- Knowledge of Buildings - you'll learn about buildings from different eras and how they differ from one another, types of construction methods, insulation, sustainability, fire management and more. You'll also develop knowledge of trees and utilities and how they may have an effect on building work, as well as learning about damp proofing and brick tying
- Energy Efficiency - learn about the importance and considerations of thermal qualities, ventilation and air-tightness to improve overall building work
- Building Materials - you'll learn how to use, prepare and interact with a wide variety of materials used on site. You'll study their use and learn to understand why these materials are important, using such materials as concrete, drainage, different types of bond and more. You'll also learn how to effectively dispose of waste materials and recycling
- Alternative Construction Techniques - including rapid build technology, alternative block, masonry, steel and timber-based cladding systems
- Radial and Battered Brickwork - you'll set out and build brickwork, including complex arches and surrounding brickwork, curved on plan, concave and convex brickwork and battered brickwork
- Feature and Reinforced Brickwork - gain strong working knowledge of how to set out and build brickwork such as complex decorative features, obtuse/acute angle quoins and reinforced brickwork
- Fireplaces and Chimneys - learn to select the correct materials/resources needed to set out and build fireplaces and chimneys. Materials used may include chimney pots, flue liners, plinths, hearts and other modern methods
You will also learn to develop a wide variety of different skills. These will include:
- Preparing Materials - you'll learn how to determine the quality and quantity of building materials you need and learn how to mix ratios of mortar and concrete
- Safe Working - with your health and safety training, you'll learn how to work to any relevant construction-related health and safety laws, codes of practice. This may include working at height and the safe use of some site equipment such as disc cutters and power cutters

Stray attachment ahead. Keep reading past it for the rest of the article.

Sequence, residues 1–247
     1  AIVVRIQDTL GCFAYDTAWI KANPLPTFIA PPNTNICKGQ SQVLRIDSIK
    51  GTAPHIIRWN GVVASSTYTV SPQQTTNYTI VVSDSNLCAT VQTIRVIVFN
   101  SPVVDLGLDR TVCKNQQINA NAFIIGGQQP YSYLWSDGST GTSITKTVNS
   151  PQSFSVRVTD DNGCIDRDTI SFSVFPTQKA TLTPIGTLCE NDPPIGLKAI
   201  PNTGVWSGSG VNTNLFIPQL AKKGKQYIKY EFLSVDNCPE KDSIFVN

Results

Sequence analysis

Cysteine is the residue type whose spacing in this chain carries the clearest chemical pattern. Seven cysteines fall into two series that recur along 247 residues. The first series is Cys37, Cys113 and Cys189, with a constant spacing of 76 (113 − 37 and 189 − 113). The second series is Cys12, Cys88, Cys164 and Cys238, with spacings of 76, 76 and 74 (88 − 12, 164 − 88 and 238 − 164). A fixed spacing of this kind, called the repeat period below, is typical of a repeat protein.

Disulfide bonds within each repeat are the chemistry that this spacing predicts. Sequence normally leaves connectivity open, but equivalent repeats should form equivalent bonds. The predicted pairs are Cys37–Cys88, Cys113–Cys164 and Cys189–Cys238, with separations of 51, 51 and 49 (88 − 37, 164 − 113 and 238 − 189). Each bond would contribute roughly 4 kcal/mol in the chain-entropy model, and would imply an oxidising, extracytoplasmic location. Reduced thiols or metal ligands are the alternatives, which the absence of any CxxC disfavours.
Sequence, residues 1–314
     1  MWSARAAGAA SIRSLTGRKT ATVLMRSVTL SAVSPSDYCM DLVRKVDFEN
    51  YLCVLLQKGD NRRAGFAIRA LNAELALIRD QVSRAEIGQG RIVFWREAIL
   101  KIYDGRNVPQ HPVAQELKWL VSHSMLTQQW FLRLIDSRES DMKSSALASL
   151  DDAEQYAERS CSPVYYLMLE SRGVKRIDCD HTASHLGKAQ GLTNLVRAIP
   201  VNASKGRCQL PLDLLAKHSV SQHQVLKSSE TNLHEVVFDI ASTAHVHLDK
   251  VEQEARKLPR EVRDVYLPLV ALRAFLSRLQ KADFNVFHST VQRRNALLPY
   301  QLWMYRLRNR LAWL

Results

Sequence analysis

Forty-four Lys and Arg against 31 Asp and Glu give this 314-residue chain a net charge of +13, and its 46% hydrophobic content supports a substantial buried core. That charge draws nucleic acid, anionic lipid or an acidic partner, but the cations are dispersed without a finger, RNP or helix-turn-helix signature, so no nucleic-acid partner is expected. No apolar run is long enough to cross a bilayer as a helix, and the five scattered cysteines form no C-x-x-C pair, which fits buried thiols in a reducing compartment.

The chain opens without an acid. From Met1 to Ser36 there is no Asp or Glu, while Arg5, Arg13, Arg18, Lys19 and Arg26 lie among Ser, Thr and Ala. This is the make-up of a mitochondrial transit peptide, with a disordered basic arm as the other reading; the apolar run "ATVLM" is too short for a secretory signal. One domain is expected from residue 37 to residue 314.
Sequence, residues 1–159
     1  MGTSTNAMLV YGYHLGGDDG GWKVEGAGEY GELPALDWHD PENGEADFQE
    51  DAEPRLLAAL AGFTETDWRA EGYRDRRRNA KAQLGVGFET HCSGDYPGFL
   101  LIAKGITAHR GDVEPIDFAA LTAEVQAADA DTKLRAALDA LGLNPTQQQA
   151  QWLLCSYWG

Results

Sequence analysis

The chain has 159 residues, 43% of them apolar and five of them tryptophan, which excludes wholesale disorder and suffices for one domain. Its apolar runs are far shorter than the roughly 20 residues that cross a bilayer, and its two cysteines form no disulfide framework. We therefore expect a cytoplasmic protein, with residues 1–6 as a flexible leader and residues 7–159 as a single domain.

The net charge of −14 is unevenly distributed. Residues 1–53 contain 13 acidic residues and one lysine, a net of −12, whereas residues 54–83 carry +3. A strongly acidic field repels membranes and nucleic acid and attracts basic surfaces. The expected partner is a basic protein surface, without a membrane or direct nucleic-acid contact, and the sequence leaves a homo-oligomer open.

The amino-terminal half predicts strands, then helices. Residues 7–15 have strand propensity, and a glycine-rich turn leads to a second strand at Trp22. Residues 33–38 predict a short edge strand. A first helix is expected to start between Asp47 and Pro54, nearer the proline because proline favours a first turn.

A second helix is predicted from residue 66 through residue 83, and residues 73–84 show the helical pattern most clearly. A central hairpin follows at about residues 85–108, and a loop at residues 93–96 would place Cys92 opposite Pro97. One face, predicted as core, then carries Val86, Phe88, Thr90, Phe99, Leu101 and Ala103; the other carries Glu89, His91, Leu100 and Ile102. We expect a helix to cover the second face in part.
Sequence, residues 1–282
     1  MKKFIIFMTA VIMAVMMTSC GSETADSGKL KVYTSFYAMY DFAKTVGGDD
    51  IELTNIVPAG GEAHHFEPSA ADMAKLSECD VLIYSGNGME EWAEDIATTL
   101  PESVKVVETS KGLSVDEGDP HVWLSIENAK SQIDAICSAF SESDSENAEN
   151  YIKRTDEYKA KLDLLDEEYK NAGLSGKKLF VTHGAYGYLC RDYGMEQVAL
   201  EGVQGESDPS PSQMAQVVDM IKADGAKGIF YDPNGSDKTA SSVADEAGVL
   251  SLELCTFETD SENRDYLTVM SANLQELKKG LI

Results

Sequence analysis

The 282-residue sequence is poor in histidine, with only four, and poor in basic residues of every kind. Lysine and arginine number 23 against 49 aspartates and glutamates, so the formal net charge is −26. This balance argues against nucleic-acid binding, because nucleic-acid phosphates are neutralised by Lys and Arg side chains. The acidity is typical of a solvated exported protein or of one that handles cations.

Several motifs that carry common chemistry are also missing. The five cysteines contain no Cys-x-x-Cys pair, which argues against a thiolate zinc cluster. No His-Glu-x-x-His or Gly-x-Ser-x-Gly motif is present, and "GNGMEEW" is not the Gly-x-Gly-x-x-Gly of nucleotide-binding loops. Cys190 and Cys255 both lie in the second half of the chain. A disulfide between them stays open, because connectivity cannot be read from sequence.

- Prepare and Maintain Your Work Area - how to select the correct tools, equipment and materials (examples may include trowels, levels, brick ties, insulation etc) for use when setting out and erecting masonry walling. This will also include maintaining a clean working environment that's safe for all around to work in
- Preparing and Completing Masonry Structures - a wide variety of skills will be learned under this field, including measuring the work area, setting out level first courses of bricks to a plan, including bonds for openings and the damp courses. You'll mix mortar by hand or with a mechanical mixer, lay bricks to set dimensions and apply mortar with a trowel to full completion. You may also learn to shape and trim bricks/blocks using hammers, chisels and power tools. Specialist equipment such as laser levels, spirit levels, optical levels and string lines may also be used to help you check that courses are straight, horizontally and vertically and laid to a gauge.
Please check out the live Apprenticeship vacancies below that are currently being advertised with some great organisations we are working with.